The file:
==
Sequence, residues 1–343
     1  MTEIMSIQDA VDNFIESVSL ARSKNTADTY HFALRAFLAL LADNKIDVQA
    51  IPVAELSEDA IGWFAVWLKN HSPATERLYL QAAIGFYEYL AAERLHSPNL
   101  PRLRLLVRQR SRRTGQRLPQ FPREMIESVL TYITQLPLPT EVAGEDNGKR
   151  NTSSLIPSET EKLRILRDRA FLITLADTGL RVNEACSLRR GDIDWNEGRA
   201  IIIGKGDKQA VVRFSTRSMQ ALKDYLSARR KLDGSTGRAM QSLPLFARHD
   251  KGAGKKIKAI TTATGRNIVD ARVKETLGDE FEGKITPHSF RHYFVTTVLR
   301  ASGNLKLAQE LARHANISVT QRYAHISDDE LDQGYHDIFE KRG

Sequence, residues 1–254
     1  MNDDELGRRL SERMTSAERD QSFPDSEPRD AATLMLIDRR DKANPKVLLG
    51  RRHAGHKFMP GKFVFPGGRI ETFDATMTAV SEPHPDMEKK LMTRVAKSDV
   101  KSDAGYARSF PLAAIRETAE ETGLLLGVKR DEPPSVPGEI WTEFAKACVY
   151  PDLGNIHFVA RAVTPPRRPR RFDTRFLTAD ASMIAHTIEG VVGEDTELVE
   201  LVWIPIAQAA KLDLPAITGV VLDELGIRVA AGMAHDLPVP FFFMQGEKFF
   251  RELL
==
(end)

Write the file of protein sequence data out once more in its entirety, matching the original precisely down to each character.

Sequence, residues 1–343
     1  MTEIMSIQDA VDNFIESVSL ARSKNTADTY HFALRAFLAL LADNKIDVQA
    51  IPVAELSEDA IGWFAVWLKN HSPATERLYL QAAIGFYEYL AAERLHSPNL
   101  PRLRLLVRQR SRRTGQRLPQ FPREMIESVL TYITQLPLPT EVAGEDNGKR
   151  NTSSLIPSET EKLRILRDRA FLITLADTGL RVNEACSLRR GDIDWNEGRA
   201  IIIGKGDKQA VVRFSTRSMQ ALKDYLSARR KLDGSTGRAM QSLPLFARHD
   251  KGAGKKIKAI TTATGRNIVD ARVKETLGDE FEGKITPHSF RHYFVTTVLR
   301  ASGNLKLAQE LARHANISVT QRYAHISDDE LDQGYHDIFE KRG

Sequence, residues 1–254
     1  MNDDELGRRL SERMTSAERD QSFPDSEPRD AATLMLIDRR DKANPKVLLG
    51  RRHAGHKFMP GKFVFPGGRI ETFDATMTAV SEPHPDMEKK LMTRVAKSDV
   101  KSDAGYARSF PLAAIRETAE ETGLLLGVKR DEPPSVPGEI WTEFAKACVY
   151  PDLGNIHFVA RAVTPPRRPR RFDTRFLTAD ASMIAHTIEG VVGEDTELVE
   201  LVWIPIAQAA KLDLPAITGV VLDELGIRVA AGMAHDLPVP FFFMQGEKFF
   251  RELL